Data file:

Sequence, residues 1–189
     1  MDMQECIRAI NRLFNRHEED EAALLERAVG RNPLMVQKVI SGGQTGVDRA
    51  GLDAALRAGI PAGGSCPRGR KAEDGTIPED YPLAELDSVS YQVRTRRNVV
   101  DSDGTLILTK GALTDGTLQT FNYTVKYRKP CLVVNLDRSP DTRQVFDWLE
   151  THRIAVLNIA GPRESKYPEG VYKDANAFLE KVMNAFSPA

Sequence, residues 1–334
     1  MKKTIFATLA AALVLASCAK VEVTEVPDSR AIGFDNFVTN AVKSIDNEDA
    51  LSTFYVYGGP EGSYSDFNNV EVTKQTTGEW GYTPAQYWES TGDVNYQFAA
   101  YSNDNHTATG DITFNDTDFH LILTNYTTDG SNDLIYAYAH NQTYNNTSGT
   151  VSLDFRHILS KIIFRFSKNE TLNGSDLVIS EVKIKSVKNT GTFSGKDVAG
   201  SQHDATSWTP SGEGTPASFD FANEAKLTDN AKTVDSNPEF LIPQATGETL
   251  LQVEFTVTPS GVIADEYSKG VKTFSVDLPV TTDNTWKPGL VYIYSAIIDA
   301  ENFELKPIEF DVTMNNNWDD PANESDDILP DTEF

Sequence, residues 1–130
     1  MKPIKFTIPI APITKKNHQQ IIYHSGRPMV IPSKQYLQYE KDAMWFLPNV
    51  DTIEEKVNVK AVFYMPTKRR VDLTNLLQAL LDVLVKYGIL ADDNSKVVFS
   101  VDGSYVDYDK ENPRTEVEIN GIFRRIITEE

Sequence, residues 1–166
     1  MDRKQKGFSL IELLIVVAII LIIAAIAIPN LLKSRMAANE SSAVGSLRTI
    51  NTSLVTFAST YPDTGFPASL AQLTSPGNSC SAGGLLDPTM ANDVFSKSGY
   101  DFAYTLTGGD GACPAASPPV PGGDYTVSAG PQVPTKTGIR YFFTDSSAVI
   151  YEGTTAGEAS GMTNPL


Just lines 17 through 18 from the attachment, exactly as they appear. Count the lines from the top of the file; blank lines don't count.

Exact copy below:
   101  VDGSYVDYDK ENPRTEVEIN GIFRRIITEE

Sequence, residues 1–166